The most common mental health assessments being used today are short, self-reported, written or verbal tests—a handful of questions that can help clinicians determine if, for example, anxiety or depression are present. These are screeners like the Patient Health Questionnaire-2 (PHQ-2), which is now commonplace during primary care office visits: Over the last two weeks, how often have you had little interest or pleasure in doing things? Over the last two weeks, how often have you felt down, depressed or hopeless?

Though these tests are free and easy to administer, they may not capture the full extent of what’s going on. They rely on subjective reporting, which can lead to false positives, false negatives or misdiagnosis. “It’s especially tricky in mental health because, very often, you have people who have multiple mental health conditions,” Vogl says. “And the symptoms often mirror each other.” As an example, he says, depression with co-occurring ADHD can present like bipolar disorder.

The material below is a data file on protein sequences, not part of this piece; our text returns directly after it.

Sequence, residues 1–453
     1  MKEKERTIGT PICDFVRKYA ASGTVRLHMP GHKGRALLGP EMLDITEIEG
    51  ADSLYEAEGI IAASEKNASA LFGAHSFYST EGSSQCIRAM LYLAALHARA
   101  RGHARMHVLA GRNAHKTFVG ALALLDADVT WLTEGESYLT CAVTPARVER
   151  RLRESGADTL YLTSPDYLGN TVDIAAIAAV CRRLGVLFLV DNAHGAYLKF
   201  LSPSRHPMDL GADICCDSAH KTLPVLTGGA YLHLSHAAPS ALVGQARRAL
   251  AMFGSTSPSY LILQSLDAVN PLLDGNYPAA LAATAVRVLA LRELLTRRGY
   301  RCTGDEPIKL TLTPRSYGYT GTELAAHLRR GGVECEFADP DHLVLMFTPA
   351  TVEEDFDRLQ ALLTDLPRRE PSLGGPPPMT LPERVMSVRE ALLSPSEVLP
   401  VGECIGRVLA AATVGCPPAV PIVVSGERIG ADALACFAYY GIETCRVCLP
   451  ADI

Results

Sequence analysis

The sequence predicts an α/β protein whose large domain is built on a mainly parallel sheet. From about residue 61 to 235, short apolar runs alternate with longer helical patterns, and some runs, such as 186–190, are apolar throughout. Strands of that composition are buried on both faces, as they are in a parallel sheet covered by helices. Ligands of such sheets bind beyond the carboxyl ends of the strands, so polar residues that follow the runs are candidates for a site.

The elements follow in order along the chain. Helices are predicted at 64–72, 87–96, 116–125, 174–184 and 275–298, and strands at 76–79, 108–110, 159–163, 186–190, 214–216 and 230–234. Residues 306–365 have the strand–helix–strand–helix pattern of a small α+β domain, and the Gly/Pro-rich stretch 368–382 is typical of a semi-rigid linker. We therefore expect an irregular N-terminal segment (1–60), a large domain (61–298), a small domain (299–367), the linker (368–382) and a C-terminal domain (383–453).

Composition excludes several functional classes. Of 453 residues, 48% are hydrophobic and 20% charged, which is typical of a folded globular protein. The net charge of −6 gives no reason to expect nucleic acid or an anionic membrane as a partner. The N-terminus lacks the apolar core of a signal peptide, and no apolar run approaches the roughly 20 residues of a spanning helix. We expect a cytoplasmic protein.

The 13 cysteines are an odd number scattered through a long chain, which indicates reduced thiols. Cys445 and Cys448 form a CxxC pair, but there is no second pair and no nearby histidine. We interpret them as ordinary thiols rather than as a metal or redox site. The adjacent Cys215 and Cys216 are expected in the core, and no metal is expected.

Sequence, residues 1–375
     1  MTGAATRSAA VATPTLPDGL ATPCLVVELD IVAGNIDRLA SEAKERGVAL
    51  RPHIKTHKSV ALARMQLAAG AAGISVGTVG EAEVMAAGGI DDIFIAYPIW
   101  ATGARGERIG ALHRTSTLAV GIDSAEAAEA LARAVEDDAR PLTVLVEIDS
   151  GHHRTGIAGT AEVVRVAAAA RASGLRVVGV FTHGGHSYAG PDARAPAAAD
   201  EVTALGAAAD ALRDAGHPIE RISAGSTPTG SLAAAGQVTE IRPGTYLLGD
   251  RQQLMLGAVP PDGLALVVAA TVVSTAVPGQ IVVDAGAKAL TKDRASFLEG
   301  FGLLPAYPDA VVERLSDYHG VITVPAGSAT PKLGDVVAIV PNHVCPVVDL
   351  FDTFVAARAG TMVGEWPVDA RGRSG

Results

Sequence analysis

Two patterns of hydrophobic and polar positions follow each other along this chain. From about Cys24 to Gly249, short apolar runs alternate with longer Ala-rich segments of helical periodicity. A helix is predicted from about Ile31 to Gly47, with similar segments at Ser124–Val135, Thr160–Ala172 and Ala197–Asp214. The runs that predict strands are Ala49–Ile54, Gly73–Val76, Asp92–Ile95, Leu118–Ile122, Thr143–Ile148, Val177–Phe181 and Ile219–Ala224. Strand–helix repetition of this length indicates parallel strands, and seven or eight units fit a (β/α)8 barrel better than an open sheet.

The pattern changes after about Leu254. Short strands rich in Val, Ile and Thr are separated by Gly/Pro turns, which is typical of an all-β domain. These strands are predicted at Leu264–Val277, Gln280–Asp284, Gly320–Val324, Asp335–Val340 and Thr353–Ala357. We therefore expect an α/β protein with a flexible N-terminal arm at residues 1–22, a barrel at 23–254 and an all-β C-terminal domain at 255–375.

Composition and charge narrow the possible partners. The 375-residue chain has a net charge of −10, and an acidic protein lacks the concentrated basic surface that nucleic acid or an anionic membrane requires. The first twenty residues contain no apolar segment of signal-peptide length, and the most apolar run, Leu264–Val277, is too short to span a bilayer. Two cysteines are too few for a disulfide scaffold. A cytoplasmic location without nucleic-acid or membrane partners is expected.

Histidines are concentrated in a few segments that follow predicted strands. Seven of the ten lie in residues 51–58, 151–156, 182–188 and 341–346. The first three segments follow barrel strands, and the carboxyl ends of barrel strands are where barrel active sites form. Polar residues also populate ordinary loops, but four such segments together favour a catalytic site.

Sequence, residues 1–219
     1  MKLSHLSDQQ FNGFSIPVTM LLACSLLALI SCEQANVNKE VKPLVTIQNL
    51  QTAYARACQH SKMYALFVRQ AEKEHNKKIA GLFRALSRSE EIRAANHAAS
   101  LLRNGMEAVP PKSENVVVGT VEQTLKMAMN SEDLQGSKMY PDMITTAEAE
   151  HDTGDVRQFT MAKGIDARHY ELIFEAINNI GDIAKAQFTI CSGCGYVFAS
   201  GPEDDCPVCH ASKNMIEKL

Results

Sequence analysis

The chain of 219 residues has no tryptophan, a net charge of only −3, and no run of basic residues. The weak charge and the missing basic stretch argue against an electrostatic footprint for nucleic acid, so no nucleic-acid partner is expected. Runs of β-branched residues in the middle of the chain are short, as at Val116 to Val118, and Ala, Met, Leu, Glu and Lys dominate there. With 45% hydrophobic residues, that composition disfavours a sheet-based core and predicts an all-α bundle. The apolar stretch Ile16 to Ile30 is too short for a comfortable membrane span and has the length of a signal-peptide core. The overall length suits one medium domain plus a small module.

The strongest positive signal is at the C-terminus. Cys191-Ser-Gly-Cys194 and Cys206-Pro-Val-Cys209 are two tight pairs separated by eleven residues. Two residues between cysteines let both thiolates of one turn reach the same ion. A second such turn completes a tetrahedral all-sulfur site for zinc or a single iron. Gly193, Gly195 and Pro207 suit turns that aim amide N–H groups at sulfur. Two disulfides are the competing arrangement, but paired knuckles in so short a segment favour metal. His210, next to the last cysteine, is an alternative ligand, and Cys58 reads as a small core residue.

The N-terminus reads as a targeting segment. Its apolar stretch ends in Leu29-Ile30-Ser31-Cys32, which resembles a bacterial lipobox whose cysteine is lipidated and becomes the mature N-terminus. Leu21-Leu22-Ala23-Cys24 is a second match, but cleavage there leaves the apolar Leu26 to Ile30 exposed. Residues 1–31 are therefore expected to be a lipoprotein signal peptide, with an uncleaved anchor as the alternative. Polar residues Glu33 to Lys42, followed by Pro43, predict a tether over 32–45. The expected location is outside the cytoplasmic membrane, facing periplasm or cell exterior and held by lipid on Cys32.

Primary care physicians are particularly bad at diagnosing mental health conditions. According to a 2011 study in Canada, more than 65 percent of the time, what they diagnose as major depressive disorder is something else. This has significant repercussions, because these doctors are also responsible for prescribing about 80 percent of antidepressants. And the misdiagnosis rates are even higher when talking about generalized anxiety disorder (71 percent) and bipolar disorder (92.7 percent).

Some companies are using algorithms and augmented machine learning in an effort to create more exacting—and faster—diagnostic assessments.

Adaptive Testing Technologies, which was started by Robert Gibbons, a statistician at the University of Chicago, developed the CAT-MH and K-CAT screening systems, available in English and Spanish. The former (Computer Adaptive Tests-Mental Health) offers specific modules for assessing depression, anxiety, substance use disorder, psychosis, PTSD, mania/hypomania, adult ADHD and suicidality. K-CAT is a version specific to youth ages 7 to 17 and their caregivers. Clinicians choose which modules to administer.

While the tests still require self-reporting by patients, rather than the standard 9- or 20-question evaluation, they don’t rely on a rote list of inquiries. Instead, the questions are tailored based on how the patient answers. This adaptive format improves accuracy while making the test less burdensome on patients, Gibbons says. The assessments take just a few minutes to administer and require clients to answer an average of ten questions.